The image above shows a portrait session with 21 photos of the same person (and 5 at a different location). I don’t need that many, and I want to thin it down. By CTRL+Click or Shift+Click I can select multiple photos. I’m going to select just the 21 photos from the black & white shoot. If I then press “N”, I can go into Survey mode.


Here you can see something that looks very much like a contact sheet. When you click on an image, you’ll see an x appear in the bottom right hand corner. Pressing this removes it from the survey view. Also, because we’ve got a filter set up, if we press “X” on the keyboard, this will flag it as rejected and remove it from the survey view. As photos are removed from the view, the preview images are shuffled around (and enlarged) to fill the space.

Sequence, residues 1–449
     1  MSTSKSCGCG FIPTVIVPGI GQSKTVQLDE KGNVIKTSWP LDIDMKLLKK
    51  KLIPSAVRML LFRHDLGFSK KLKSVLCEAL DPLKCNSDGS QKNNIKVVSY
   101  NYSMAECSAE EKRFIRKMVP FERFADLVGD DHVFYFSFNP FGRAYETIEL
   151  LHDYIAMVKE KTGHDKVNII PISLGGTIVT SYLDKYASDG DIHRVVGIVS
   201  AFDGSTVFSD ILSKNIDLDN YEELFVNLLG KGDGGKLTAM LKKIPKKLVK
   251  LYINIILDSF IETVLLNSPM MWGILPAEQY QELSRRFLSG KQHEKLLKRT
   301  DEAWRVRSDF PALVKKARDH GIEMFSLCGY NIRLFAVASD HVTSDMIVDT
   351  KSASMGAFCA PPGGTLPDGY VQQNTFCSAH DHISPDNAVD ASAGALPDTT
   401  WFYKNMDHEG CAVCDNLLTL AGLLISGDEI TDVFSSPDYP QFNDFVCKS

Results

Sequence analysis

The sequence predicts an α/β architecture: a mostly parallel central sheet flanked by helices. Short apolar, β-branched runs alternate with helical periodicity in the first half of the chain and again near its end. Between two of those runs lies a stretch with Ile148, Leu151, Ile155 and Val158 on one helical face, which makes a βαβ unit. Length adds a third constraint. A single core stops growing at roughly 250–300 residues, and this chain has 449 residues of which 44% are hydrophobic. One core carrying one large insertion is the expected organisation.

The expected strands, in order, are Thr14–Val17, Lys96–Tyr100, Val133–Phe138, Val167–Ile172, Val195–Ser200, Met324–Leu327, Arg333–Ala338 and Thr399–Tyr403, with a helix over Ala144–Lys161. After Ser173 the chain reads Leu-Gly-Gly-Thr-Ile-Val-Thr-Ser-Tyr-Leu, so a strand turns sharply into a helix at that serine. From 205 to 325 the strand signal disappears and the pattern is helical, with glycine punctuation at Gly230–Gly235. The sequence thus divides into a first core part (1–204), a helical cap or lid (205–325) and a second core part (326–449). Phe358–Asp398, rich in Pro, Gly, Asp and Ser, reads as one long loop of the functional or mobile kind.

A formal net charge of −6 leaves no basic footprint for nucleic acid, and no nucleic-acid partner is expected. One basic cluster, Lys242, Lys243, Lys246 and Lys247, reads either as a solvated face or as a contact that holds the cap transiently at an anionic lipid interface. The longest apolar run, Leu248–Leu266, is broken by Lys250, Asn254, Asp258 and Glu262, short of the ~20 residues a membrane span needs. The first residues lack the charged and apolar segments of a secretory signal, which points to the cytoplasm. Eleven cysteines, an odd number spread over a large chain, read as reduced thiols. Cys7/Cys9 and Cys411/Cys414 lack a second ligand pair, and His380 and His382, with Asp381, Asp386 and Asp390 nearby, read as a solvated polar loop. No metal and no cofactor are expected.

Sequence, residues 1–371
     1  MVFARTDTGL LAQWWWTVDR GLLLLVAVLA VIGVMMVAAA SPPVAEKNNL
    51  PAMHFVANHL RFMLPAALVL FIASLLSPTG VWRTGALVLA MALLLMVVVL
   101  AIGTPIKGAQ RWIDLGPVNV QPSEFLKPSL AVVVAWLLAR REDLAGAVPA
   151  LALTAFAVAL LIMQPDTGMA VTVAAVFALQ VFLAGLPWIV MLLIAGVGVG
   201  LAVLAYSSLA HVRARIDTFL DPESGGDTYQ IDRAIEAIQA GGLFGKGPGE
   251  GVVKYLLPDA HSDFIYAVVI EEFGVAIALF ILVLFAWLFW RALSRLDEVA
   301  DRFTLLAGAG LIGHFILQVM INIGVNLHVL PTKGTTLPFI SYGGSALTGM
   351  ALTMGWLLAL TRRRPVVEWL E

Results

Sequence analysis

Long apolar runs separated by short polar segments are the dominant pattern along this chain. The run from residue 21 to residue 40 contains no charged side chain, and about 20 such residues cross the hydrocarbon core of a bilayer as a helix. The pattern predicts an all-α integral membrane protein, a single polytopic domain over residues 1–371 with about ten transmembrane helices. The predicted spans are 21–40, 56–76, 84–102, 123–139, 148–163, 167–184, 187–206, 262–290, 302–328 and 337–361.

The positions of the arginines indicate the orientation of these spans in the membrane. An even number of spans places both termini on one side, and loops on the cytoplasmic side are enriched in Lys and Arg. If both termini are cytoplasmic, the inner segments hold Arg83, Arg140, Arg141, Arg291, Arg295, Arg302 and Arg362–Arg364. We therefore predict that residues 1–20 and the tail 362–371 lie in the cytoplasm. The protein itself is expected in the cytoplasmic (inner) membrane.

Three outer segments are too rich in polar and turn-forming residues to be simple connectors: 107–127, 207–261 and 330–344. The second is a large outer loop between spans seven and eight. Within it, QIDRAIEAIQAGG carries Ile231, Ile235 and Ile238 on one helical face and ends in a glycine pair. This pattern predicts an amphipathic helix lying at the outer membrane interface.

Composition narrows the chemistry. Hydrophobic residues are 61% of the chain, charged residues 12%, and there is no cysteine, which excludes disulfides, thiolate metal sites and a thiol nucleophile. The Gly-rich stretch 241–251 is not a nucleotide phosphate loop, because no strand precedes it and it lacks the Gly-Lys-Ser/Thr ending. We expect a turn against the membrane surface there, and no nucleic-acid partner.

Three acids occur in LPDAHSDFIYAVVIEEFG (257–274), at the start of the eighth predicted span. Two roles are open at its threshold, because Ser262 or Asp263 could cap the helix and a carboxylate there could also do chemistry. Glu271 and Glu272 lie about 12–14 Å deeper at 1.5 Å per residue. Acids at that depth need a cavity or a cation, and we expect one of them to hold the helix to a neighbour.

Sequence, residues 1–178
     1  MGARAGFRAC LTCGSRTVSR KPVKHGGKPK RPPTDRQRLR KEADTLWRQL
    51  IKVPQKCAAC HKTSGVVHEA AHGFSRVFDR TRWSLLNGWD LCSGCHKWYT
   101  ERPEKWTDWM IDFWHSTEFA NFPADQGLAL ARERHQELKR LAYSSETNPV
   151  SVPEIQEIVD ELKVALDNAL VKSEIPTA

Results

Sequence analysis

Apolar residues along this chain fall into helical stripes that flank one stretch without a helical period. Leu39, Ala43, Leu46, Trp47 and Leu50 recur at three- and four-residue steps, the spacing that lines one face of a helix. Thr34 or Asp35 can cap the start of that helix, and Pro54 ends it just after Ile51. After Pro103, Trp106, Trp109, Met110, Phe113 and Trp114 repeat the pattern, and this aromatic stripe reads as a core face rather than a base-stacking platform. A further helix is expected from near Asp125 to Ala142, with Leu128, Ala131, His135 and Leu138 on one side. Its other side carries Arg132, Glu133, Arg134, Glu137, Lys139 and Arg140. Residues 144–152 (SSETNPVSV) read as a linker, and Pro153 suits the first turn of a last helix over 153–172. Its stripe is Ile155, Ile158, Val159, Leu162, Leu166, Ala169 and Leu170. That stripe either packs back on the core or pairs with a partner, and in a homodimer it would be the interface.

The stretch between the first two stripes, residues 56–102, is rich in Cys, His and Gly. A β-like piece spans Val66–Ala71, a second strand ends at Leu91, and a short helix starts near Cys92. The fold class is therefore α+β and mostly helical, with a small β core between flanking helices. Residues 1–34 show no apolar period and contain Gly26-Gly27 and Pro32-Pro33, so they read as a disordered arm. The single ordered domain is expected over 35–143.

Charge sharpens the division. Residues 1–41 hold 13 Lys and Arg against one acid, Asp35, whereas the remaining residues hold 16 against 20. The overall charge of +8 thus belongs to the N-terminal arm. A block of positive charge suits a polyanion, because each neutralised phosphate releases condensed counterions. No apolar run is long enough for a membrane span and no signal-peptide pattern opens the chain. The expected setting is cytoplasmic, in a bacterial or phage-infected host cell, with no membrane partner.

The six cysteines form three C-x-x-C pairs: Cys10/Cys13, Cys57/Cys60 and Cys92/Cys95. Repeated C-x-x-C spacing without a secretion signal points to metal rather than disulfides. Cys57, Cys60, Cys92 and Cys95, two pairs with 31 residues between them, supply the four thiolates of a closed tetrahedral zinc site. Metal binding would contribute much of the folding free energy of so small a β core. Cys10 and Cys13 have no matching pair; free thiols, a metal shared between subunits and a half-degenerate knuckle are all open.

I’m looking to remove images that are out of focus, have closed eyes, silly expressions, bad composition, shoulder or hands obscuring/in the way. And in some cases, shots I simply think are a bit rubbish.


Here’s what I’m left with. 21 shots down to six, and I could probably knock that down to 2 or 3 if I wanted. There’s no “right answer” to this process, but you do need to be ruthless.

The Survey mode was a massive help for me as it focused my attention on a group of similar photos. Give it a go if you don’t take anything else away from this article.

After your first pass through your photos, you will have flagged your “rubbish”. Set up another filter to show your rejected photos and just run through them to make sure you haven’t flagged something you wanted to keep by accident. (press “U” to unflag – i.e. put them back in your picture pool.)